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Greenville, Virginia facts for kids

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Greenville, Virginia
Main Street, Greenville, showing the old Masonic building
Main Street, Greenville, showing the old Masonic building
Location of Greenville, Virginia
Location of Greenville, Virginia
Country United States
State Virginia
County Augusta
 • Total 3.7 sq mi (9.5 km2)
 • Land 3.7 sq mi (9.5 km2)
 • Water 0.0 sq mi (0.0 km2)
1,601 ft (488 m)
 • Total 832
 • Density 225/sq mi (87.6/km2)
Time zone UTC−5 (Eastern (EST))
 • Summer (DST) UTC−4 (EDT)
ZIP code
Area code(s) 540
FIPS code 51-32944
GNIS feature ID 1495616

Greenville is a census-designated place (CDP) in Augusta County, Virginia, United States. The population was 832 at the 2010 census. It is part of the StauntonWaynesboro Micropolitan Statistical Area.


As early as 1794, Greenville was platted and divided into 14 lots of 1-acre (4,000 m2) and sold by Thomas and Jane Steele. Greenville soon became a very busy stagecoach stop. This was because there were 3 major roads all intersecting at or near Greenville. One road connected Greenville with Staunton, another ran from Waynesboro to Middlebrook, and the south road led to Midway (now Steeles Tavern), Fairfield, and Lexington. The town slowly grew, and by 1810, the population had grown to 162, comparing to Staunton's 1225, and Waynesboro's 250. An 1835 account of Greenville said that it had an extensive manufacturing flour mill and a woolen manufactory, two physicians in the area, contained 50 dwelling houses, 3 general stores, 2 taverns, 1 academy, 2 tanyards, 2 saddlers, 2 tailors, 1 blacksmith shop, 1 cabinet maker, 1 wheelwright, 1 saddle tree maker, 3 house carpenters, 1 hatter, and 4 boot and shoe makers. The population was about 250 in 1928.

Bethel Green and Clover Mount are listed on the National Register of Historic Places.


Greenville is located at 38°0′16″N 79°9′29″W / 38.00444°N 79.15806°W / 38.00444; -79.15806 (38.004412, -79.157964).

According to the United States Census Bureau, the CDP has a total area of 3.7 square miles (9.5 km²), all of it land.


As of the census of 2000, there were 886 people, 234 households, and 193 families residing in the CDP. The population density was 242.7 people per square mile (93.7/km2). There were 251 housing units at an average density of 68.8/sq mi (26.6/km2). The racial makeup of the CDP was 82.84% White, 16.70% African American, 0.34% Native American, and 0.11% from two or more races. Hispanic or Latino of any race were 0.45% of the population.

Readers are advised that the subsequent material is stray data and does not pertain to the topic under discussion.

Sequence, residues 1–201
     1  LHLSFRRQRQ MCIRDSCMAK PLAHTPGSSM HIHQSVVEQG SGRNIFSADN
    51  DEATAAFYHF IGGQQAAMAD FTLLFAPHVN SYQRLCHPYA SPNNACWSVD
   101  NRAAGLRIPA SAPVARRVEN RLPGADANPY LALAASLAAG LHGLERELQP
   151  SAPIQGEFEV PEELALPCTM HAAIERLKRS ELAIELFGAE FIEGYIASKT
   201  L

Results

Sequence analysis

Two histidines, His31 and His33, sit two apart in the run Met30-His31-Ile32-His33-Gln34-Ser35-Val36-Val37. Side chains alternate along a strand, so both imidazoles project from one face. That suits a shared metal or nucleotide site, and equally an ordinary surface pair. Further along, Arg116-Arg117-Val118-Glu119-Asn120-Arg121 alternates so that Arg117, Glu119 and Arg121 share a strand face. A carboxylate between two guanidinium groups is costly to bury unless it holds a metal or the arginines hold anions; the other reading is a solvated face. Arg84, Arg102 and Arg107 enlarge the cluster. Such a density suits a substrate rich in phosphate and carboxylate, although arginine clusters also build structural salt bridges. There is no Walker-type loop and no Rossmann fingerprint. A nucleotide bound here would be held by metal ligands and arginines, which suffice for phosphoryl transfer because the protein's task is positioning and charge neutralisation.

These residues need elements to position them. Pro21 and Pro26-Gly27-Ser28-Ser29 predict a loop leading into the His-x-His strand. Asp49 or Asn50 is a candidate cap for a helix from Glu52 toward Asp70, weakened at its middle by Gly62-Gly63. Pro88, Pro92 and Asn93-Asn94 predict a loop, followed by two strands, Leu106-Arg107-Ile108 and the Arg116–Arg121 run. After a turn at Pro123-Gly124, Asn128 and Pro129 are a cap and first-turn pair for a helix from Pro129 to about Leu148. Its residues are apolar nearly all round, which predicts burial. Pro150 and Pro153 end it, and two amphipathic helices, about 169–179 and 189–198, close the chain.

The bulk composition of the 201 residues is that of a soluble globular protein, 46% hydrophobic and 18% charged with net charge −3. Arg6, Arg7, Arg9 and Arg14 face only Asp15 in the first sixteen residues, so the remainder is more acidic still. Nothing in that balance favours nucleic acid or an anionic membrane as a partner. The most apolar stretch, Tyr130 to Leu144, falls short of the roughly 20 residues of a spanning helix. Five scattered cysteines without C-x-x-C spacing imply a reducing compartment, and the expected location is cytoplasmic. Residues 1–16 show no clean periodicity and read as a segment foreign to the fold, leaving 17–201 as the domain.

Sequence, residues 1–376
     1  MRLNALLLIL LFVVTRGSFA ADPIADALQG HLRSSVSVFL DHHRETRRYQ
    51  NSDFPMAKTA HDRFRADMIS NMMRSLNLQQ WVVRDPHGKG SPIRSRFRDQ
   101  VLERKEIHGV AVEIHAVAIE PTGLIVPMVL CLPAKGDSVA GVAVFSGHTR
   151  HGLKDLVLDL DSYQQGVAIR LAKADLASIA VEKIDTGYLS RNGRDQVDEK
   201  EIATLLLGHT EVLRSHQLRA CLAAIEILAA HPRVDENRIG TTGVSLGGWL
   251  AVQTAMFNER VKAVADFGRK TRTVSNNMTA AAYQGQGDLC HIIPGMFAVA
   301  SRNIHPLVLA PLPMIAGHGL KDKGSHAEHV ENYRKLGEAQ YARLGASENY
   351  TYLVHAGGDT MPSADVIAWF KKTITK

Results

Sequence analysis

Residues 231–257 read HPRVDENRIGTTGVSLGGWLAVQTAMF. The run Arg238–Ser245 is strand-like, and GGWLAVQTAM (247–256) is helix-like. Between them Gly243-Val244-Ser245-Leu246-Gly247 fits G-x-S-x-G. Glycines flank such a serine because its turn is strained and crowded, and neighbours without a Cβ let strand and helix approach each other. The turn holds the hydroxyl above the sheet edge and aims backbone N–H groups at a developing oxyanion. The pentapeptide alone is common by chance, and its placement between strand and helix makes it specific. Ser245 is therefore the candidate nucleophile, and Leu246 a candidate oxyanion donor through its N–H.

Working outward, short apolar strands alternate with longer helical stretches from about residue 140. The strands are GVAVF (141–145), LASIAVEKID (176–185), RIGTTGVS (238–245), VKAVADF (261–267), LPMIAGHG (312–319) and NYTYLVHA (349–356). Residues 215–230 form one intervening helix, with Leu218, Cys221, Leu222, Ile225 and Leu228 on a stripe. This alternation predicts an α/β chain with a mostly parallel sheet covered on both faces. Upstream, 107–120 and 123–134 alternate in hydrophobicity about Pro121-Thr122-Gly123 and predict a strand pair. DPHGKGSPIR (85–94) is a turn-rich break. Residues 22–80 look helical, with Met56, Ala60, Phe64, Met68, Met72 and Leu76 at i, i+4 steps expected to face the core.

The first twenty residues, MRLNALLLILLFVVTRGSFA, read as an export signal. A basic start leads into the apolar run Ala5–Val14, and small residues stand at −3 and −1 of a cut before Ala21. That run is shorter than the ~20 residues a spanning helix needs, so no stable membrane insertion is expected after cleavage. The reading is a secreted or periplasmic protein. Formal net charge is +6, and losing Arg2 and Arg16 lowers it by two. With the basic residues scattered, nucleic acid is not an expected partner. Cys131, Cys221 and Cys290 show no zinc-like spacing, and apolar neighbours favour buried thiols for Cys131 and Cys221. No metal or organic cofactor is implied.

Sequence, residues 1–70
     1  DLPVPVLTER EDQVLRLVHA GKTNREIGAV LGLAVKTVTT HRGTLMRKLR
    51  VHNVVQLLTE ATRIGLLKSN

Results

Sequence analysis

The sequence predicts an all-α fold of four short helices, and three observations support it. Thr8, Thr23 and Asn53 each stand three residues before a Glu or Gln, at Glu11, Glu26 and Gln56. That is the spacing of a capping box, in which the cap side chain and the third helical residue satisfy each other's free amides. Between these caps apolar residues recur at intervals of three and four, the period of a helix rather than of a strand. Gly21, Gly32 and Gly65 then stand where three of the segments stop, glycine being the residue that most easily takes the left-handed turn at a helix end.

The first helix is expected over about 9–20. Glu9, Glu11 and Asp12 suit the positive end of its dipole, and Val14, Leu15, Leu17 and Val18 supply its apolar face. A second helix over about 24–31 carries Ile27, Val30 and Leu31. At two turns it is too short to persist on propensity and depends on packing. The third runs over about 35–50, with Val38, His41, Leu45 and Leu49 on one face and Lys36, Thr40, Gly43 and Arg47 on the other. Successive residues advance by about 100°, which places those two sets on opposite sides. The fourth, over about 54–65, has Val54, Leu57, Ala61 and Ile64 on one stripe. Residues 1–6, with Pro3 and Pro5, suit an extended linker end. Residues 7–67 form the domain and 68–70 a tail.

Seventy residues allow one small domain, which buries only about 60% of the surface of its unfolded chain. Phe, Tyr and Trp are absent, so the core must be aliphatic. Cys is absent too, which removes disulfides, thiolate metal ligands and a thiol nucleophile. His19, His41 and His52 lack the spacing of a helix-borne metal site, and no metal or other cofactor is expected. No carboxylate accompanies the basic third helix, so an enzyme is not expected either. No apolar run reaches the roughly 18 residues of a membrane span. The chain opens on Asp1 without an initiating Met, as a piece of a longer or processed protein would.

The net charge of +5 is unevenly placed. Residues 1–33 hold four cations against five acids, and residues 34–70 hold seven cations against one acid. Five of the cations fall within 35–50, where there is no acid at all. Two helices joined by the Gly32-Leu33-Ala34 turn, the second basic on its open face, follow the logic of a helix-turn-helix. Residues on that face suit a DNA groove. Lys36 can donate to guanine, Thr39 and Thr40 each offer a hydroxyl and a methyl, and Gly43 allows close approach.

There were 234 households, out of which 33.3% had children under the age of 18 living with them, 69.7% were married couples living together, 8.5% had a female householder with no husband present, and 17.1% were non-families. 15.4% of all households were made up of individuals, and 6.0% had someone living alone who was 65 years of age or older. The average household size was 2.66 and the average family size was 2.95.

In the CDP, the population was spread out, with 16.3% under the age of 18, 7.8% from 18 to 24, 42.0% from 25 to 44, 22.5% from 45 to 64, and 11.5% who were 65 years of age or older. The median age was 37 years. For every 100 females there were 184.0 males. For every 100 females age 18 and over, there were 198.0 males.

The median income for a household in the CDP was $44,313, and the median income for a family was $48,571. Males had a median income of $38,750 versus $21,161 for females. The per capita income for the CDP was $14,598. About 2.6% of families and 2.4% of the population were below the poverty line, including none of those under age 18 and 4.0% of those age 65 or over.

Famous residents

Kate Smith (1907-1986), an immensely popular American radio singer of the Great Depression and World War II years, was born in Greenville. A statue of her stands outside the Wachovia Spectrum in Philadelphia because her rendition of "God Bless America" has long been considered a good luck charm for important games of the Philadelphia Flyers hockey team.

Tom Stith (1939-2010), former NBA player.

Black History Month on Kiddle
Famous African-American Scientists:
Charles R. Drew
Benjamin Banneker
Jane C. Wright
Roger Arliner Young
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